©2012 by American College of Physicians
1. Systematic monitoring of
successful entry into HIV care (IIA)
Collaboration with HIV testing sites
 Creation of process map regarding entry
into care, to identify where loss is
happening and to focus intervention

2. Systematic monitoring of
retention in HIV care (IIA)
In+Care campaign
 Clinic-based monitoring of performance
measures
 Creation of electronic signal when
individual out of care for six months, for
initiation of outreach

3. Brief, strengths-based case
management for individuals
with a new HIV diagnosis (IIB)

Based on data from AntiRetroviral
Treatment and Access Study (ARTAS)
trial
Antiretroviral Treatment Access
Study (ARTAS)
Brief case management protocol
allowed up to 5 contacts: 3 for
development of relationship, identifying
client needs and barriers to health care,
and encouraging contact with the clinic.
 2 other contacts allowed if needed,
including accompaniment to clinic.

Garner, Metsch, Anderson-Mahoney et al (2005) Efficacy of a brief case
management intervention to link recently diagnosed HIV-infected persons to care.
AIDS, 19(4):423-431.

Trained social workers helped clients to
identify their internal strengths and
assets to facilitate successful linkage to
HIV medical care
ARTAS Results

Results showed significantly greater
proportion of case managed individuals
saw an HIV care provider at least once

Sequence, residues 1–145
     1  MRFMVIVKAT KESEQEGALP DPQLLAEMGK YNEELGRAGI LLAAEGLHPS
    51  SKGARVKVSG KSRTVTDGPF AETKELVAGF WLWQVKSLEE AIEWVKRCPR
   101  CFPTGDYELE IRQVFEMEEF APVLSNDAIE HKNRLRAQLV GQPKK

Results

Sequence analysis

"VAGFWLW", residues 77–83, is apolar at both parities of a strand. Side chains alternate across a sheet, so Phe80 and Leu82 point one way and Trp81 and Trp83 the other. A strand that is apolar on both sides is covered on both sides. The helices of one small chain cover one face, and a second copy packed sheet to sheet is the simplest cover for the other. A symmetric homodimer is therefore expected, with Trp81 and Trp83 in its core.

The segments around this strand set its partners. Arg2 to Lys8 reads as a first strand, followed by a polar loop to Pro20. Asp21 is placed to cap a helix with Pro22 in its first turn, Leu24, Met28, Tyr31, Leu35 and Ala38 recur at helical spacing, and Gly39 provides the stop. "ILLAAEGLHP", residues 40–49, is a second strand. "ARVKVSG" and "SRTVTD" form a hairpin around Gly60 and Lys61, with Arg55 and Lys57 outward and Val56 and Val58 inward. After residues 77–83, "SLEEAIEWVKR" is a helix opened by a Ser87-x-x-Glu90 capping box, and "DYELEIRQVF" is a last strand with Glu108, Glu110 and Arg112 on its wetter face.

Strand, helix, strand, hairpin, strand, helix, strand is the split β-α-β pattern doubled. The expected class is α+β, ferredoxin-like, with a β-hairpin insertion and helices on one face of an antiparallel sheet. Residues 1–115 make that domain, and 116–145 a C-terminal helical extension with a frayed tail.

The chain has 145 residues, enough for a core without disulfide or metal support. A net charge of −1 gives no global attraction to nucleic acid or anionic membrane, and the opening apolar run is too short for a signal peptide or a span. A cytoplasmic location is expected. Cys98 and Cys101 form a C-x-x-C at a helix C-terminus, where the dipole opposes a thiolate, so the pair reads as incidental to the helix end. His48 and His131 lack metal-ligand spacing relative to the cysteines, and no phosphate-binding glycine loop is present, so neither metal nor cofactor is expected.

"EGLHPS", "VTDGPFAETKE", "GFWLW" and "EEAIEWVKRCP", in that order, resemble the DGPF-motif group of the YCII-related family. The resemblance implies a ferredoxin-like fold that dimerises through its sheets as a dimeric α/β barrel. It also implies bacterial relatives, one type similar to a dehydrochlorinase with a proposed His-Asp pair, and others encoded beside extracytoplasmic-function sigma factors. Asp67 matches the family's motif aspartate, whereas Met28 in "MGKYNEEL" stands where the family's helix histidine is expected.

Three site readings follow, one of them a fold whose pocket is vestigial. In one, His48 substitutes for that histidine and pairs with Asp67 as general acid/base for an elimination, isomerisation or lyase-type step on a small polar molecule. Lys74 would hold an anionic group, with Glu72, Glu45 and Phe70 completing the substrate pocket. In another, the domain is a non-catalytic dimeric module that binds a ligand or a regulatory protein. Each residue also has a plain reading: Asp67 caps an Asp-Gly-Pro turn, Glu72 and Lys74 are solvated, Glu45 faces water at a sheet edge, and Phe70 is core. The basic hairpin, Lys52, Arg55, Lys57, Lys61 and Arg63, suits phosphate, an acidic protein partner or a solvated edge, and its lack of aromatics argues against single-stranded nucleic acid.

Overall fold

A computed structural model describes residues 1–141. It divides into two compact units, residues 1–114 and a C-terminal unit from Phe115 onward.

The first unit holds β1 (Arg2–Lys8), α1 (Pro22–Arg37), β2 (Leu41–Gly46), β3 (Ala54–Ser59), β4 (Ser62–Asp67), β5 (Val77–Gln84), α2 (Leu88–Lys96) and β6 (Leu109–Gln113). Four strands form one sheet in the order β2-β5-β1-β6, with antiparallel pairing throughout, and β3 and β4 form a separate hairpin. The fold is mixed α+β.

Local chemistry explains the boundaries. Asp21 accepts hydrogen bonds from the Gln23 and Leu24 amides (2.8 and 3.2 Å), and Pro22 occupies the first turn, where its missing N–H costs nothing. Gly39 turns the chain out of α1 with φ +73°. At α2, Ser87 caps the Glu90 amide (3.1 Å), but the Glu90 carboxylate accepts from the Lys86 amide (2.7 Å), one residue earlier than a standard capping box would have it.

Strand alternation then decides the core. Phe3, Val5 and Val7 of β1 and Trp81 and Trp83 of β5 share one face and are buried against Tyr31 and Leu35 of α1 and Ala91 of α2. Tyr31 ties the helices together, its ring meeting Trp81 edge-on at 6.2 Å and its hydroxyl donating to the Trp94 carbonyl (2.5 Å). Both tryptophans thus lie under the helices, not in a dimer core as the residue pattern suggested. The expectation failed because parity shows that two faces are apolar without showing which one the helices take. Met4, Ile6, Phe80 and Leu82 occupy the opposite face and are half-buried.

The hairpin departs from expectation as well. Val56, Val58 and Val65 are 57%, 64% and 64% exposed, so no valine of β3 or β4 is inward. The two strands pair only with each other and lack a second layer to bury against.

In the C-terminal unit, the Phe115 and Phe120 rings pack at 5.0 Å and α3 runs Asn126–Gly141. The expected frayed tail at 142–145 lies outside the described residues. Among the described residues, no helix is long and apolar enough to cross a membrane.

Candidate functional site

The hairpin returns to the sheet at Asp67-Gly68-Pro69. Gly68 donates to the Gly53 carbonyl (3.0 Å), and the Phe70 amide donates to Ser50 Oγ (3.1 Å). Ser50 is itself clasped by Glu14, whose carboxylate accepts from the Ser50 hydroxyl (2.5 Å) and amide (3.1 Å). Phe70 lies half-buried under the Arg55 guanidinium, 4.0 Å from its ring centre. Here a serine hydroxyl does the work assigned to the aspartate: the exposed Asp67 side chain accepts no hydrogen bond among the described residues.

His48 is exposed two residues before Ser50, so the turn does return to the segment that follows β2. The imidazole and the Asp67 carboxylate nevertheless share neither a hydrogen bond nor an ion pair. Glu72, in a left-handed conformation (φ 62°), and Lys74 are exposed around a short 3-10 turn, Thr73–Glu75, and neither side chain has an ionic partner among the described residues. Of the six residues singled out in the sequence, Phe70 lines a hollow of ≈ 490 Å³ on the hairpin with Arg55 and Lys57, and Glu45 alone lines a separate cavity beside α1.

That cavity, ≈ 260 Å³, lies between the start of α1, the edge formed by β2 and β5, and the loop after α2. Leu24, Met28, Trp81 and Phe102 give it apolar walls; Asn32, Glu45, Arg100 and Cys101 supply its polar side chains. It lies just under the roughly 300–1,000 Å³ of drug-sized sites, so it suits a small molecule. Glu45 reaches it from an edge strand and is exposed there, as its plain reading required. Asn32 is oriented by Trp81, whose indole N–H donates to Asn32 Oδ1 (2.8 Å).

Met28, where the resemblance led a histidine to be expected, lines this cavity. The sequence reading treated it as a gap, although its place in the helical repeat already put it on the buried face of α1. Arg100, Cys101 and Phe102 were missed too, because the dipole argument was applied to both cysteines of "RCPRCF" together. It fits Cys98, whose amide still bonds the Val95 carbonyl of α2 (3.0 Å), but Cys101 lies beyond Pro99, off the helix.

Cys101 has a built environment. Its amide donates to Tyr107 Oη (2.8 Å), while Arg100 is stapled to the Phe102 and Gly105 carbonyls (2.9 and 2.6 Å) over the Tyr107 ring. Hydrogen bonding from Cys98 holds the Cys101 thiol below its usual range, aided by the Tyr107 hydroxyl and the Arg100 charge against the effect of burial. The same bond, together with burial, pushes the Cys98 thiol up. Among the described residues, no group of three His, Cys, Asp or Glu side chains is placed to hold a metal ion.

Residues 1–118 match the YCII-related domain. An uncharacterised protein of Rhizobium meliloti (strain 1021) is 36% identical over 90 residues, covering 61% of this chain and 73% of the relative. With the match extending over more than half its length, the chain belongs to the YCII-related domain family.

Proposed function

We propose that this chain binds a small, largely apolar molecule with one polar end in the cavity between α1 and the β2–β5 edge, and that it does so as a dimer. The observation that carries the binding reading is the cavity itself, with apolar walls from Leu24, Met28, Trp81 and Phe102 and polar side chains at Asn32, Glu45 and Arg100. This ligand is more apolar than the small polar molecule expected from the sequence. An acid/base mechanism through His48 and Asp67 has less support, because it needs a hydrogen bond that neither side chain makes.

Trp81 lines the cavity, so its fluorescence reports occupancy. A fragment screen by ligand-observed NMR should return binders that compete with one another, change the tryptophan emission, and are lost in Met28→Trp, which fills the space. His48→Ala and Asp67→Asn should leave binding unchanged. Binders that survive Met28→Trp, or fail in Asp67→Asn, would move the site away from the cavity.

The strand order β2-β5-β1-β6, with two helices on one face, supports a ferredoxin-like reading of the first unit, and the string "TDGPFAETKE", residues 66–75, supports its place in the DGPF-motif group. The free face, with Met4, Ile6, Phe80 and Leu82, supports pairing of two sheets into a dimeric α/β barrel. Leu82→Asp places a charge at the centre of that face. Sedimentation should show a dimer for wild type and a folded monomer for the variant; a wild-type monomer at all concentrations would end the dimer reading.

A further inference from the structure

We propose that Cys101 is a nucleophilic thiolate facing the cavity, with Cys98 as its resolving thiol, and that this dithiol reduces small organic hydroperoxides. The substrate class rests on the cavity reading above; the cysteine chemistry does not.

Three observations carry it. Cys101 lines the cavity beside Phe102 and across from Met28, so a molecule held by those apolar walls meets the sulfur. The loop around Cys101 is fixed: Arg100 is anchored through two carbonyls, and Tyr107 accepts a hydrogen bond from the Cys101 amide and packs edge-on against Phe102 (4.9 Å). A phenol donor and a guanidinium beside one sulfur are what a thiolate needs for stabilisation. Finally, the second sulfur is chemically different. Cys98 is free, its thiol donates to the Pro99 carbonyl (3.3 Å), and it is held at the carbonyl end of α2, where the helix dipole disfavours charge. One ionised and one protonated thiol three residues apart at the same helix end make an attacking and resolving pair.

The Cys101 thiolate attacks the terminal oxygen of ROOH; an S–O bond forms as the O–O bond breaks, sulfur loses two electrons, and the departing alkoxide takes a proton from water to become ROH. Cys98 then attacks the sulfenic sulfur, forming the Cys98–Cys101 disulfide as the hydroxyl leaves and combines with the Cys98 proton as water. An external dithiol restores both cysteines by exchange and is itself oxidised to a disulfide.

by 6 and 12 months (RR=1.41, p=.006)
 Those with 2 or more contacts showed a
significant difference from SOC

Average of 2.6 face-to-face contacts
with clients. Estimated cost $600-1200
per client.
4. Intensive outreach for
individuals not engaged in
medical care within 6 months of a
new HIV diagnosis (IIC)
Outreach Initiative

HRSA Special project of National
Significance (SPNS) in 10 US sites
2004-2006 to demonstrate and evaluate
the effectiveness of outreach initiatives
in engaging and retaining underserved
disadvantaged individuals in HIV care
Bradford, J. B. (2007). The promise of outreach for engaging and retaining out-of-care persons
in HIV medical care. AIDS Patient Care and STDs, 21(Suppl1):S85-81.
Cabral, H.J., Tobias, C., Rajabiun, S., Sohler, N., Cunningham, C., Wong, M., et al. (2007).
Outreach program contacts: do they increase the likelihood of engagement and retention in HIV
primary care for hard-to-reach patients? AIDS Patient Care and STDs, 21(Suppl1):59-67.
Findings from Outreach Initiative

Individuals with 9 or more contacts within the
first 3 months of entering care were
significantly less likely to experience a gap in
care, especially when the program included
accompaniment to visits.
5 Use of peer or
paraprofessional patient
navigators (IIC)
Findings from Outreach Initiative

Navigation programs that include skillsbuilding with clients to build skills/
confidence to develop a partnership with
providers significantly improved
engagement scores and retention in
care
Multidimensional HIV Treatment
Adherence Intervention in MS

Two face-to-face sessions for
 I: HIV education
 M (personal): motivational interviewing
 M (social): video of peers to improve social